One of the most frequently-heard lamentations that each generation has for the next one is how they’re possessed of a lack of respect, motivation and values. Once you’re in your thirties, you begin to understand further. When I’ve gone out in public, I’ve overheard teens making statements that are just as ignorant as they are blasphemous (just like their style of dress). I overheard two teenage boys praising Soulja Boy over 2Pac. Seriously. Ridiculously enough, they were both wearing skinny jeans while desperately trying to make them sag. I took the situation with a modicum of humor, but the point is the lack of respect that most of these younger folks exhibit nowadays. They claim to listen to hip-hop, but actually believe that any of the current crop of rappers can actually be juxtaposed with someone like Pac. In the parlance of the scientific method, these are the people who make sloppy hypotheses based on no data whatsoever, never test it out and do not perform any kind of research. But even in an ocean of fools, pearls still exist. One of those pearls has a name: Bou.
Hailing from the Rosemary Hills section of Silver Spring, MD, Bou’s been making quite the name for himself in the DMV area. With his drive as an emcee, his lyrical prowess indicates that he has a clarity of thinking that’s uncommon among most people his age. Having released three mixtapes, including his third one “Radio Rap, Volume 1” earlier this year, “Thesis” is the second release and the strongest in my opinion. It’s a substantial display of the 23-year-old emcee’s growth and increased variety in terms of topics, flows, beats and insight. Bou’s proven to have a certain degree of adaptation between the old and the new. Case-in-point: “Thesis” starts off with an intro of Bou holding his own over Jay-Z’s “Can I Live” instrumental. It includes a vocal sample stating, “You are watching a master at work”. It’s a pretty arrogant inclusion considering his peers, but it’s a competitive statement and one that can’t be ignored once you get all the way through “Thesis”.
At the start of the “The Game Fucked Up”, Bou ad-libs “You know why everybody wanna be a rapper? ‘Cause they lettin’ anybody rap”. The man makes a valid point about the flooded, contrary nature of the rap game today: It’s hard for emcees with actual talent to get into, and then it’s even harder to get noticed for it if/when they do. The lyrics bemoan his fellow rappers who don’t study up on their musical forebears, follow staid rap trends and the lack of unity among DMV hip-hop artists. Thoughtful and literate in his words, he makes his commentary without coming off as preachy. But this mixtape is not one in which every track is filled with statements of his own personal struggle and extreme hunger as a rapper. Wanting to “unite ‘hop’ and ‘hip'”, he shows a new school mentality that clearly took in the lessons from the old school. His versatility is in full-force on tracks like “Somebody”, in which he adopts a bouncy flow spitting three narrative verses about relationship break-ups. This track included, a good portion of the mixtape is produced by Young Hustle in-house producer, JHarrisBeats, also from Silver Spring. Having also produced “The Game Fucked Up”, he foregoes the 808 trap sounds there and instead flips a fitting sample on and for the hook on “Somebody”:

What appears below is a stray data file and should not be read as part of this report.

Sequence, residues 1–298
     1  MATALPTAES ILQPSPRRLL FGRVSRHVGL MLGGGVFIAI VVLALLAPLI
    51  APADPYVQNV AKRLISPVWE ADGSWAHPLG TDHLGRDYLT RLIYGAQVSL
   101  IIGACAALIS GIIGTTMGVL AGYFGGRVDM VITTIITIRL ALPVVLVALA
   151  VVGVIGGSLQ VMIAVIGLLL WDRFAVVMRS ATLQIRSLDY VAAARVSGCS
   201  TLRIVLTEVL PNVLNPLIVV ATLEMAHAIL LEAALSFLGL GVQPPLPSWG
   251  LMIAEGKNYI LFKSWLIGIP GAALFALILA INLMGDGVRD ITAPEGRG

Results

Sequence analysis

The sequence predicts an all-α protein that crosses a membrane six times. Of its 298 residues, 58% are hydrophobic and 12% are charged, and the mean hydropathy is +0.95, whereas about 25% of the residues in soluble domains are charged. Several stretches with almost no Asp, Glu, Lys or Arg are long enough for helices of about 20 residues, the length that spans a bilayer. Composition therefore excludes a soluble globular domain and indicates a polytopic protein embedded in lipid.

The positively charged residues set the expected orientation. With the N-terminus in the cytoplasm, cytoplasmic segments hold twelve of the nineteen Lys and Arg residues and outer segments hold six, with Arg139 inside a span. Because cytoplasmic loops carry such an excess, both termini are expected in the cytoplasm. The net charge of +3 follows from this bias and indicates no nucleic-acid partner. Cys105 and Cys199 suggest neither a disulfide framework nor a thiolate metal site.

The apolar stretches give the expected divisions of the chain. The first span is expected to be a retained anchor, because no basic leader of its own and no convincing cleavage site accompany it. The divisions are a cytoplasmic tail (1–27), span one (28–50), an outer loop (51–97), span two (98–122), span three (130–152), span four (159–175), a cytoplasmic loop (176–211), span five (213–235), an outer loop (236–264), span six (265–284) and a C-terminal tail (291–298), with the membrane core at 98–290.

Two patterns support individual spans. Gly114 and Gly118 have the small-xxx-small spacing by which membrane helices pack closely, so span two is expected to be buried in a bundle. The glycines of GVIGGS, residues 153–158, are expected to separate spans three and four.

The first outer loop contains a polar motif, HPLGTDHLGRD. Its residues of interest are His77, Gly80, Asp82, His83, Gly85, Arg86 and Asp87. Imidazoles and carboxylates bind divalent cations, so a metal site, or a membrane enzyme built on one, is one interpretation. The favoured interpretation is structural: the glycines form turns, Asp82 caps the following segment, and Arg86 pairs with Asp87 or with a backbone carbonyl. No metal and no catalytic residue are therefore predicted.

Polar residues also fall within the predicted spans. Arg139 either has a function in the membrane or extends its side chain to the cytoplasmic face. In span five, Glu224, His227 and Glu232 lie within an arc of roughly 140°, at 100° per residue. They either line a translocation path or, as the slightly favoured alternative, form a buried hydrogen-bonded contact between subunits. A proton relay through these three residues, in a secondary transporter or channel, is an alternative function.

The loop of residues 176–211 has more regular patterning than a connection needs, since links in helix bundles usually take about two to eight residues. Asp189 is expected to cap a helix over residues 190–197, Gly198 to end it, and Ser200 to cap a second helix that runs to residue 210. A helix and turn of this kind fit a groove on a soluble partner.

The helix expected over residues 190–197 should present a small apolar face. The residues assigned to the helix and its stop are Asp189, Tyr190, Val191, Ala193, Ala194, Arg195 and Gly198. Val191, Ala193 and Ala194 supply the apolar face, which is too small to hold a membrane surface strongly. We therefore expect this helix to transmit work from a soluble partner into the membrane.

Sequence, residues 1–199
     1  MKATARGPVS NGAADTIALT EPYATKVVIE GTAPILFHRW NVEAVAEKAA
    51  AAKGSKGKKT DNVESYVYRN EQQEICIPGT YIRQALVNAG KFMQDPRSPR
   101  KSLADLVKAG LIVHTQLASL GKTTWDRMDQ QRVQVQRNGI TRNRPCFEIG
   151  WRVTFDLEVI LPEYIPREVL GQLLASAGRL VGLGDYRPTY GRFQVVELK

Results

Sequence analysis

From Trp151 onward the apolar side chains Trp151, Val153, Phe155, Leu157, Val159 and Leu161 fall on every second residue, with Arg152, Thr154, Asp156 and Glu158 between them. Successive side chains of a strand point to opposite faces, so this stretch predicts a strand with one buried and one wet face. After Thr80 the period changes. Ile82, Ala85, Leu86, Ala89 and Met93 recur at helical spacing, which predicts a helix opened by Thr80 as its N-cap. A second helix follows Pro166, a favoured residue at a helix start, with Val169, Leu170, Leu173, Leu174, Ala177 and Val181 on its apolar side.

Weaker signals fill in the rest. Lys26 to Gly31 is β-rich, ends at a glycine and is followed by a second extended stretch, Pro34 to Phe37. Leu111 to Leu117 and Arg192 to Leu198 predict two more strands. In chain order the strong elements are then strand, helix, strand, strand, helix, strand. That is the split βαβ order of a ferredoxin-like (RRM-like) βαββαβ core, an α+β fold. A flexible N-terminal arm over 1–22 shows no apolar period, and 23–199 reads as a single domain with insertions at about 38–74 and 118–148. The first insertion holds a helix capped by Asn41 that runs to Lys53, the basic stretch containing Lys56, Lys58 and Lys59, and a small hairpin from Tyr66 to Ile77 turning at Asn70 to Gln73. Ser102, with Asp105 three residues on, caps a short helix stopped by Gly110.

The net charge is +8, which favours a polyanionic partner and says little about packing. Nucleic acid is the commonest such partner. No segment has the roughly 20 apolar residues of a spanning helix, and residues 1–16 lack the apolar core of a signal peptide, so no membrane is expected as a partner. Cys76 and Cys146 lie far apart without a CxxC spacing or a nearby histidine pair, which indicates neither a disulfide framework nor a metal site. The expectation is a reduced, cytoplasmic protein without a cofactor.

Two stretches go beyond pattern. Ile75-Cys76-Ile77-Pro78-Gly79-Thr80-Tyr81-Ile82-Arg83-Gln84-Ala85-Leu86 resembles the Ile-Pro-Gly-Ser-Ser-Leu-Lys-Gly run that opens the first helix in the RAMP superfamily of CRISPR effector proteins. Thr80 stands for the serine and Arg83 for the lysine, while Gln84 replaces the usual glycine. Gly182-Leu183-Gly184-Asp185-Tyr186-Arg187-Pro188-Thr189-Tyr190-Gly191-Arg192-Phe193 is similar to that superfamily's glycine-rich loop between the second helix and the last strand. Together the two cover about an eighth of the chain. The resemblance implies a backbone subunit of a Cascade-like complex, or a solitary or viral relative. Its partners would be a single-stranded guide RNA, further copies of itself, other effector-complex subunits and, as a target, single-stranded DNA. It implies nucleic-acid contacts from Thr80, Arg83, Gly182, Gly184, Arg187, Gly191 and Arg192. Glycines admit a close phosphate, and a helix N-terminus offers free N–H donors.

Both producer and emcee go especially sick on “Dollaz”. With a fast-paced beat propelled by sirens coupled with an infectious high-pitched vocal sample, Bou certainly goes in with plenty of clever quotables:
“Money, money, money; All I want is money
Nobody get it, I ain’t never been a dummy
Steal from a nigga, it’s a wrap like mummy
Bou laid back in the trap with a honey
She gets no share/Cher ’cause I ain’t Sonny
Hop-Hop on the dick, Bou split like bunny
Bust in her ear, she could hear me comin’
She +Laugh Out Loud+, Bou you so funny”
Things take a deep introspective turn on “Miss You”. Enlisting fellow Young Hustle emcee Kay Jetzon, he and Bou pay a lyrical tribute to a particular fallen friend from around their neighborhood. Over a mournful but soulful beat courtesy of JHarrisBeats, both men pay their respect in a way that goes beyond the mere pouring out of liquor. TruStory is the other producer on the album and laces “Just Chill”. Arguably the mixtape’s song for the ladies, TruStory laces well-placed piano keys to go with Bou’s expression of vulnerability to a woman for whom his infatuation extends past anything physical. “End of Discussion” encapsulates all of the themes Bou conveys on “Thesis” with bluesy guitar sample as the backdrop and a lyrical assist from Kam Royal. The final song before the outro, “My Niggas”, is an ode to his friends he came up with. The beat is reminiscent of Kanye West’s style as it was over 10 years ago. The mixtape also includes four bonus tracks, one of which is another exhibition of Bou’s versatility I had previously mentioned. “EASports NCAA14” is built off of a sample of the video game of a similar name. It also consists of Bou making references to the game while cleverly using it as an extended metaphor for his skills.
One thing I took away from the mixtape is that there are unsigned younger emcees that haven’t entered this game simply because conventional wisdom deems it as a cool thing to do. The same applies to the producers behind the boards on this mixtape as well. Despite a few flaws on the album, such as an over-reliance on bass drums on some of the production, all parties involved have delivered a solid release with some areas of improvement. As time progresses, the more work Bou and company put it in, the bigger the plate will be from which they’ll eat.